1091 Project: Training, Not Just for Athletes

Currently, we don’t do much in the way of formal care and handling training for staff at Iowa State University Library, for two reasons: (1) Preservation enjoys a high profile in our institution, so there is a general awareness of preservation concerns across the Library, and (2) our Library does not have a lot of turnover; many key staff members have been in their positions for upwards of ten or twenty years, and they are very well-versed in care and handling concerns.  The Circulation staff and Stacks Management staff in particular know what to look for and when to call Preservation for assistance.  Likewise, Special Collections staff enjoy a close working relationship with our department, and they are sensitive to potential issues.  So, “training” really only happens on a case-by-case basis, as specific causes for concern arise.  For example, the University Archivist recently requested that I test some plastic sleeves housing new acquisitions, just in case they contained PVC.  Fortunately, the sleeves proved to be PVC-free, but I appreciated her diligence in contacting us to be sure.

We reach out to educate Library users in various ways.  Special Collections staff provide instruction to each user visiting the Special Collections Reading Room on how to handle the materials safely, when a book cradle is necessary, when to wear cotton gloves, etc.  The Preservation Department holds occasional events which are open to the public (particularly during Preservation Week each April), such as free webinars for specific care and handling of photographs, textiles, and other specialized materials.

The Conservation Unit also works closely with Circulation to educate users on care and handling issues, especially issues such as mold.  In some cases, circulating books have returned to the Library severely infested with mold.  If the book is beyond salvage and a new copy must be purchased for the collection, the user will be charged to replace the book.  On some occasions, users have wanted to keep the moldy item after paying the replacement cost.  Circulation and Conservation work together in such situations to educate the user on the dangers of mold, such as its potential health hazards, and the risk of the mold spreading to other books, drapery, rugs, and upholstered furniture if left unmitigated in the user’s home.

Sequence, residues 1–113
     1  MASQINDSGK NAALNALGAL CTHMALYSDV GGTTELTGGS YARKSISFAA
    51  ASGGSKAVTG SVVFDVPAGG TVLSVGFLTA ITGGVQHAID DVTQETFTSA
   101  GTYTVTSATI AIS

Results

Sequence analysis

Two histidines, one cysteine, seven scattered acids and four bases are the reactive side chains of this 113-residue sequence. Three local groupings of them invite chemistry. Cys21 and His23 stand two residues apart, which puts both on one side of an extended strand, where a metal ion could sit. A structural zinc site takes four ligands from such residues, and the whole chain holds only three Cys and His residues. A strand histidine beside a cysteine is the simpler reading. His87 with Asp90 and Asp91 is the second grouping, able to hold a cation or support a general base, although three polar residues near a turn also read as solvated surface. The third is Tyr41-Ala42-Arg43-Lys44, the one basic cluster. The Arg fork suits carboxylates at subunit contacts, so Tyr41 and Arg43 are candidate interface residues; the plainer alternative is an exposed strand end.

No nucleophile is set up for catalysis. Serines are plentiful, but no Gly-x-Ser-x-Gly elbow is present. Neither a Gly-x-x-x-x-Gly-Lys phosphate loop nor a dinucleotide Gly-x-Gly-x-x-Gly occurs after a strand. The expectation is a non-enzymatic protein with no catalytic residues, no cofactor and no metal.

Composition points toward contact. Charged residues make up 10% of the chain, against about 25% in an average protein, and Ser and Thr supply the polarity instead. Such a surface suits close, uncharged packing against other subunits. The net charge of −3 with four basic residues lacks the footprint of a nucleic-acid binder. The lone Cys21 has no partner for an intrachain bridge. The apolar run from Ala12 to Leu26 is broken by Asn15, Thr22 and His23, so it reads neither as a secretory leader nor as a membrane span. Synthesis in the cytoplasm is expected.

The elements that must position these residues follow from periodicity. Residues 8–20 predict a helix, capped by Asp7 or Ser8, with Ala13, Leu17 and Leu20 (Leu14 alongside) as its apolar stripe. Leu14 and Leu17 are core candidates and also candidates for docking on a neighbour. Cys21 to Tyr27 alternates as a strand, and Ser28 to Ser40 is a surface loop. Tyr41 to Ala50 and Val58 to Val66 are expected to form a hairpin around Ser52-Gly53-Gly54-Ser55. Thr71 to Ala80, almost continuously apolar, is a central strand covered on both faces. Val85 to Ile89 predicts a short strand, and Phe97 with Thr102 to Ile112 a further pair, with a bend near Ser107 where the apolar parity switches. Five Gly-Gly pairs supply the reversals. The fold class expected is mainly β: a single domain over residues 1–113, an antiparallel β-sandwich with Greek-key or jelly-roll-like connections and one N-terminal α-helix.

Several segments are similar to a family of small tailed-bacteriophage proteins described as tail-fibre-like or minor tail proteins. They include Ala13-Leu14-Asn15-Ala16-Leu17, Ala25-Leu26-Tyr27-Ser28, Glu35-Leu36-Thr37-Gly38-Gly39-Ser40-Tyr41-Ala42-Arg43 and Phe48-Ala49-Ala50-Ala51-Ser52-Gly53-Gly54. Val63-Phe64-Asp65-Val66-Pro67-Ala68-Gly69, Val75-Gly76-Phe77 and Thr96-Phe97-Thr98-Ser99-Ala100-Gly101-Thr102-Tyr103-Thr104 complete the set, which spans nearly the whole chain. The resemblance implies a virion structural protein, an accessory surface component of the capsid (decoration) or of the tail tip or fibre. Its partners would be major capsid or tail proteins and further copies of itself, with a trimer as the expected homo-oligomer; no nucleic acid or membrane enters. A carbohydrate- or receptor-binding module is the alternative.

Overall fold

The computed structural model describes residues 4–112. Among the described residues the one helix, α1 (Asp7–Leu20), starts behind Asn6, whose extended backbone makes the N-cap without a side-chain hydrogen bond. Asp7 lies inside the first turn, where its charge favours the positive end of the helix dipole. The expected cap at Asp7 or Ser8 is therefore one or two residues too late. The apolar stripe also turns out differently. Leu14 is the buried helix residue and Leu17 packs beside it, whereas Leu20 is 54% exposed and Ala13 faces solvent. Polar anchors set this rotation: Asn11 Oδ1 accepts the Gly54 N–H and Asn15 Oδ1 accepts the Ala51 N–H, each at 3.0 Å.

Contrasting with the more informal, small-scale approach to staff and user training which suits our institutional culture right now, Duke University Libraries has developed a more formal training program.  Let’s head over to Preservation Underground to learn more about it.


  1. One of the reasons we at Duke do so much training is that our circulation desks are staffed with a lot of students, so there is constant turn over. Is that not the case at Iowa? or does the circulation staff train the students themselves?

    1. Beth, we have a lot less turnover overall. I would say the majority of our students stick with their library jobs until they graduate (and one of ours in Conservation has continued to work for us now that she’s enrolled in graduate school at ISU). When student training does happen, Circulation takes care of it. Since the permanent Circulation staff are so experienced, we enjoy very consistent pulling of books for repair. Eventually, I suppose we will have to think about offering more training sessions, but so far — “if it ain’t broke…”

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